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Janet Yarn

SLM 506
Community and School Analysis
Laurel Woods Elementary School
Howard County area of Laurel, Maryland

Part 1: The Community

• Socioeconomic Status: The school currently has 43% free and
reduced meals (FARM). That would indicate that almost half of the
students are receiving some type of welfare services from the
government. In addition the school is considered a Title I school due
partly to the socioeconomic need of the area. The community area
includes apartment complexes with section 8 housing, town home
communities and single-family housing.
• Cultural Background: The current student population is very
diverse with 48% African American, 17% Hispanic, 13% White, 9%
Asian and 11% not reported.
• Languages Spoken and Read: Currently 8% of the population has
limited English proficiency. Those students include Hispanic and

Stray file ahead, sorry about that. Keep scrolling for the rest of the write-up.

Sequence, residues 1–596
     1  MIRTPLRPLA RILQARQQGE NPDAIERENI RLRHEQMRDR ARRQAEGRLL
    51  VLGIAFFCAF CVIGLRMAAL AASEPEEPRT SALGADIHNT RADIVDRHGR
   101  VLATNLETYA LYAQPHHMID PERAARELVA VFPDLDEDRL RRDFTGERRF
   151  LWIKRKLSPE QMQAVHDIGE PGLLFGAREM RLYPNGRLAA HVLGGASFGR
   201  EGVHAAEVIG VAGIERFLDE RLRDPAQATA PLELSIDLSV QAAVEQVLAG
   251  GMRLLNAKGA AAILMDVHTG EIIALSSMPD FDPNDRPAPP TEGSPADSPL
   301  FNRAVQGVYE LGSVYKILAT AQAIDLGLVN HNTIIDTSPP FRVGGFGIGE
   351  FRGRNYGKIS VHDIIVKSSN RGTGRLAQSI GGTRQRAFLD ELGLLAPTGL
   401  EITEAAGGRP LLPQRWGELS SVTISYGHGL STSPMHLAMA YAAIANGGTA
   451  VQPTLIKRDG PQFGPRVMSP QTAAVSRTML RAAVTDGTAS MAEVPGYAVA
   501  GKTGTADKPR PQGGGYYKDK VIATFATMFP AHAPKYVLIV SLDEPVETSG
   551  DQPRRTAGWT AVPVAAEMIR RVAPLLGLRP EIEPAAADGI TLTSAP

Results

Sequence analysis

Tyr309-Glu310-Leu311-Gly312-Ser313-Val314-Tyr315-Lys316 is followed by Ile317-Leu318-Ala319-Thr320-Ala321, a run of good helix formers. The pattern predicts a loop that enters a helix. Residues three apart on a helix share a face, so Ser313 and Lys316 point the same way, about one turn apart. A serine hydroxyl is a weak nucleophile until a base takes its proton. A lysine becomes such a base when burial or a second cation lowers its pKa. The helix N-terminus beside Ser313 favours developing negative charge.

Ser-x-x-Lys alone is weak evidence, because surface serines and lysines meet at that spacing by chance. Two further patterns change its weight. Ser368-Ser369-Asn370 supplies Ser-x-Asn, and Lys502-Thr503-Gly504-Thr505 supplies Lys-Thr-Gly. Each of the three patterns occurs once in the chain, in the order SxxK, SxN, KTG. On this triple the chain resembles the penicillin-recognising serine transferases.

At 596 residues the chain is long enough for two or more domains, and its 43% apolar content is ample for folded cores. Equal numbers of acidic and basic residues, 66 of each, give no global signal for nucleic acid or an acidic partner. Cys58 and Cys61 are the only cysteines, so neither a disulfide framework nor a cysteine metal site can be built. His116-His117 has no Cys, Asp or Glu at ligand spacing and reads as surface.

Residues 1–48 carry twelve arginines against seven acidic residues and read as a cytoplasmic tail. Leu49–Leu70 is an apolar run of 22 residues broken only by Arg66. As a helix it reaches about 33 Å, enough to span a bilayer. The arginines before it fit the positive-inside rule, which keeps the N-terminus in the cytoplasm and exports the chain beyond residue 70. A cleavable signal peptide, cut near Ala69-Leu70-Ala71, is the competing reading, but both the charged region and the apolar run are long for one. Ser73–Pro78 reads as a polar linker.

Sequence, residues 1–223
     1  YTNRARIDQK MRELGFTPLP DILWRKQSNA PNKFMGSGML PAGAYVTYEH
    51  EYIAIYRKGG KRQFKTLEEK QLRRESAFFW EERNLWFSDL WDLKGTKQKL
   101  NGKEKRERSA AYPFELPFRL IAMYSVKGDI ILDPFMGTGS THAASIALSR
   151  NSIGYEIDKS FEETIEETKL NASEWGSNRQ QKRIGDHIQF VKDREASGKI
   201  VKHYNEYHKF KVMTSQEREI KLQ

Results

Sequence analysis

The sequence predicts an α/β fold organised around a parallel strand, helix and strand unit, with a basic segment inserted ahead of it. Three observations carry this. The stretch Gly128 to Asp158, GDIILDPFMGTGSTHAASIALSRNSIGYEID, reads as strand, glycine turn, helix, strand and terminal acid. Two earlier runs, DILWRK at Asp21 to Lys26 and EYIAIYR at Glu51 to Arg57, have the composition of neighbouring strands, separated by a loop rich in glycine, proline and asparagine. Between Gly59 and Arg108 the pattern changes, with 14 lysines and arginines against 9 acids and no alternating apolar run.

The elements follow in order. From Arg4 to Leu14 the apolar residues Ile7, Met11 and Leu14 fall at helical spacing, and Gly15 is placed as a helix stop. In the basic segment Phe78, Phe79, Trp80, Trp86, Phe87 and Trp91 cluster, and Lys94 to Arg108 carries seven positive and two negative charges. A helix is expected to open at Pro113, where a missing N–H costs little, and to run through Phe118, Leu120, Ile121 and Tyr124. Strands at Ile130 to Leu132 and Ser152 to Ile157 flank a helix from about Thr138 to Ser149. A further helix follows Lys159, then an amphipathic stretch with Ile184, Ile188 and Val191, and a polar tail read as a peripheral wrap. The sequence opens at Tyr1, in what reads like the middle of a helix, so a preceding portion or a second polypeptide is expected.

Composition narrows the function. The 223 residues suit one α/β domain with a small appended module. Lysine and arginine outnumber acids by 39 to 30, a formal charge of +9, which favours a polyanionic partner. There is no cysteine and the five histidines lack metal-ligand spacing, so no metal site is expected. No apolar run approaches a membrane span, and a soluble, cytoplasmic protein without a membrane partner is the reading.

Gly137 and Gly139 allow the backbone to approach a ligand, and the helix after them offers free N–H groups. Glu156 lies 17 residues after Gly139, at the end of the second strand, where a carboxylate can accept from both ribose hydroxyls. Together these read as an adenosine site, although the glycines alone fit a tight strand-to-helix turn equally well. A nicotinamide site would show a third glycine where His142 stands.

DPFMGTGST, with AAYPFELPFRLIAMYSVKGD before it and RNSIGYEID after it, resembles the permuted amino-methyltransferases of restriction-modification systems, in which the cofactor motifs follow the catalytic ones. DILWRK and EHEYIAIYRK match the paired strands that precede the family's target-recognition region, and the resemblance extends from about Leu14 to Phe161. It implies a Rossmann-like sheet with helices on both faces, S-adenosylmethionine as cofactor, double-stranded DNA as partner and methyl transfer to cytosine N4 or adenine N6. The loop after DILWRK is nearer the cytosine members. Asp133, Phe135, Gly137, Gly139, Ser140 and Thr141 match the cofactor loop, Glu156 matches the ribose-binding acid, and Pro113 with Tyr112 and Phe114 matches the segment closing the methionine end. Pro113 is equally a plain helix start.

Korean students. So the languages spoken are Spanish, Portuguese
and Koran.
• Changes in Demographics over 5 years:

2009 2008 2007 2006 2005

African 48% 49% 50% 50% 51%
Hispanic 17% 16% 16 % 17% 19%
White 13%% 20% 24% 23% 25%
Asian 9% 9% 7% 8% 5%
Not 11% 8% 3% 2%

• Student Mobility: Student mobility over the past 2 years is an

average of 10% turn over of students leaving throughout the
year and 12% average of new students coming in.
• Homes with Computer Access: Based on the current
enrollment 80% of the students have a computer in their home.
However many students are not allowed to use the home
• Access to Public Library: The closest Howard County library